posted by holgate at 10:03 AM on May 10, 2018

Half generic Euro beer and half ginger beer has been my go-to the last couple of summers. I admit that I buy the Aldi Warsteiner knockoff for this exact purpose.
posted by yggdrasil at 12:00 PM on May 10, 2018

I had a Red Stripe & Ting shandy today that was excellent. Served over ice with an orange slice.
(nb: Ting is grapefruit soda, not lemon)
posted by bashos_frog at 4:53 PM on May 10, 2018 [1 favorite]

I sometimes make shandies. One can each of the cheapest available lager and club soda, and two tablespoons frozen lemonade from concentrate. The club soda gives that extra carbonation, and I adjust the frozen lemonade to taste. Frozen glass for the hot days.
posted by Alex Voyd at 12:18 PM on May 12, 2018

Thanks for confirming my suspicion that there is STILL no easy equivalent to British carbonated "lemonade."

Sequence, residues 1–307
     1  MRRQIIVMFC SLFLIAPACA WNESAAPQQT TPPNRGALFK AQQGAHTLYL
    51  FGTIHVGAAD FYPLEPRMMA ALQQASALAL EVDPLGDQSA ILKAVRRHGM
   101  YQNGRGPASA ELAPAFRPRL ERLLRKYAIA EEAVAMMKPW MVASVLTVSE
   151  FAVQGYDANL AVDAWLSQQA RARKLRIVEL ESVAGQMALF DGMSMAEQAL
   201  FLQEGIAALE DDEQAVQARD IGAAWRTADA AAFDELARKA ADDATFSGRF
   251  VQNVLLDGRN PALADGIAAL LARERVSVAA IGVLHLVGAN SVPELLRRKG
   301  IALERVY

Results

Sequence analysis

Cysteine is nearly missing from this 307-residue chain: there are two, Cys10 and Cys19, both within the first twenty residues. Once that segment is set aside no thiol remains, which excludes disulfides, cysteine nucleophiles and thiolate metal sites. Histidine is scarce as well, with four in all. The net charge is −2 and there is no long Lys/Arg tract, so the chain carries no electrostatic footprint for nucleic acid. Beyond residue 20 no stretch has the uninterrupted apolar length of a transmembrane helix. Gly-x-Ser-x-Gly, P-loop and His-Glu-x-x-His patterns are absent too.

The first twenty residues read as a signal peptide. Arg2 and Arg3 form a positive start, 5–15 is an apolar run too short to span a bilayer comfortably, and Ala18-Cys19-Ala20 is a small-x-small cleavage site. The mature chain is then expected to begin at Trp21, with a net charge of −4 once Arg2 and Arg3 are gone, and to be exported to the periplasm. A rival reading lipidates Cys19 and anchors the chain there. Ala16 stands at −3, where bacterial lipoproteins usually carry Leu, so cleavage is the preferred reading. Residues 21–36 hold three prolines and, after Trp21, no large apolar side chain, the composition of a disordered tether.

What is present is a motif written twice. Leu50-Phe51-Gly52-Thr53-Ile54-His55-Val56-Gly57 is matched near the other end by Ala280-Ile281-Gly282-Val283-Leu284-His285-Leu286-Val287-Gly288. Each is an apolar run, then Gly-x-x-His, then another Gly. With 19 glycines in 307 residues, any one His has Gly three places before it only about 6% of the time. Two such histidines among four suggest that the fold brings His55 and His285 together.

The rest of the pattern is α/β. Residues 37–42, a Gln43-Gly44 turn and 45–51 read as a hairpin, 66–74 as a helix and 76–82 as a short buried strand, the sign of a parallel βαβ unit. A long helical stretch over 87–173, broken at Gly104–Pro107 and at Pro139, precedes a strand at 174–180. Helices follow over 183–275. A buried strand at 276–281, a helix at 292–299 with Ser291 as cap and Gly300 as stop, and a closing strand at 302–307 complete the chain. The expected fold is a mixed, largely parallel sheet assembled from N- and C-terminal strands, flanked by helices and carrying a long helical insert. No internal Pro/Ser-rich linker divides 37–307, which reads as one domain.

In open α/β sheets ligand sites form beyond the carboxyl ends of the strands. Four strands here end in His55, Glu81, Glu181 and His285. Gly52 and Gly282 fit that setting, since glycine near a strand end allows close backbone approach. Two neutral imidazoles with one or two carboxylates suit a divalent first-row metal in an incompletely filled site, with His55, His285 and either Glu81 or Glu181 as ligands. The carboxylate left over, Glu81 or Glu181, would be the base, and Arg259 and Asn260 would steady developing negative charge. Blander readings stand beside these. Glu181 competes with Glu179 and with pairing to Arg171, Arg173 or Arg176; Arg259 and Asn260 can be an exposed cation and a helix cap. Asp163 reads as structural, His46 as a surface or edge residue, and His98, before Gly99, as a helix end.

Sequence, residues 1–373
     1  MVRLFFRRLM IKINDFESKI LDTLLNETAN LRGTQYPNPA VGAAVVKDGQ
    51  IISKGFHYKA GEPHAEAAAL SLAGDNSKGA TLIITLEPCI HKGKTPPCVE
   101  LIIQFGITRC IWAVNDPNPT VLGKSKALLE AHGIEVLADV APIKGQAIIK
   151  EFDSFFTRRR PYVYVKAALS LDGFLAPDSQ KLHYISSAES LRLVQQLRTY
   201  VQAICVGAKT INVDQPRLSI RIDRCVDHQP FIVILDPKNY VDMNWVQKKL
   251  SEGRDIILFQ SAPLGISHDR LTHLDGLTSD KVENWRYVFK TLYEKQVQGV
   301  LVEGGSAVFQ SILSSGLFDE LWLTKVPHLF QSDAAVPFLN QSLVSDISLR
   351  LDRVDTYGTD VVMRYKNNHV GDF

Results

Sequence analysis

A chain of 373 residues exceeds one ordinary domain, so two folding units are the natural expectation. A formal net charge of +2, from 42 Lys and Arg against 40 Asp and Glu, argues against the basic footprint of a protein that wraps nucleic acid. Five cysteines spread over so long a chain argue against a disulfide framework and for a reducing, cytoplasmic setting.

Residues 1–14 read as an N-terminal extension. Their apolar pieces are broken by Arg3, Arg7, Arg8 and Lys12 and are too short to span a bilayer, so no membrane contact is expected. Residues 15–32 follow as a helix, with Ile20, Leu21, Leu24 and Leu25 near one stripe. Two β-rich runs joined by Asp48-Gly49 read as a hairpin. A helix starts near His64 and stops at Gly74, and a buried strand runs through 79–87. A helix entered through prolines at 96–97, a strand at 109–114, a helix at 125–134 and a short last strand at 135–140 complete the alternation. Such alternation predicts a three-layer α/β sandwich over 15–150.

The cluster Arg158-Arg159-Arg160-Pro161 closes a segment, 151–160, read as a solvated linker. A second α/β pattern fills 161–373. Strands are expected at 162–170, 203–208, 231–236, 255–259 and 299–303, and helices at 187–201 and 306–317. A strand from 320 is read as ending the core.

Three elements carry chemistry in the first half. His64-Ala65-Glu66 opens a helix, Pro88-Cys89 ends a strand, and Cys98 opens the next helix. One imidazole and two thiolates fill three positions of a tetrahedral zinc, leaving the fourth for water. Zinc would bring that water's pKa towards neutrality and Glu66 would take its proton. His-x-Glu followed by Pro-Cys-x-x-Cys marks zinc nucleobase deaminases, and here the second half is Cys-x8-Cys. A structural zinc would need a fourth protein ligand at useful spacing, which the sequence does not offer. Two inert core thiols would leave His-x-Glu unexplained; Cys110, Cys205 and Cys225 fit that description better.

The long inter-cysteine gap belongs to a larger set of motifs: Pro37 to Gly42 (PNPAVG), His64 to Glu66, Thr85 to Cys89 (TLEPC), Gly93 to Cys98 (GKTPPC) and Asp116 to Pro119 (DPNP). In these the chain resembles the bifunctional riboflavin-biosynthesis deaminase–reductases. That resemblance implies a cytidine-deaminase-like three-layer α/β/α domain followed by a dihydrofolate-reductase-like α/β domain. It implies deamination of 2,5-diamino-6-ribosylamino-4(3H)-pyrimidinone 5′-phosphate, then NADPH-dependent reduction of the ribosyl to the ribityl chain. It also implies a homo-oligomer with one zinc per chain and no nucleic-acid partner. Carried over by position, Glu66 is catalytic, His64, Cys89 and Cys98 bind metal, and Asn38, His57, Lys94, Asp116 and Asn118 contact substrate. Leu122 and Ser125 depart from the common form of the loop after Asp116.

I went to World Market and bought several lemon sodas and carbonated lemonades to mix with Stella. They were out of Fentiman's. "Lemmy" and "Bubble Up" were both too sweet.

But! Lorina brand lemonade and the World Market imported "French Lemonade" shandies both tasted good - crisp and refreshing. Missing a little "bite," which I figure might be smaller bubble size or lower carbonation level. But close enough! I'm definitely going to try a few of the other ideas here, too.
posted by hiker U. at 10:36 AM on May 15, 2018

(A late, cheap suggestion: Fresca. It's artificially sweetened, and it's lime-grapefruit, but it's somehow more lemonade-y to my palate than lemon-lime sodas.)
posted by holgate at 3:19 PM on May 20, 2018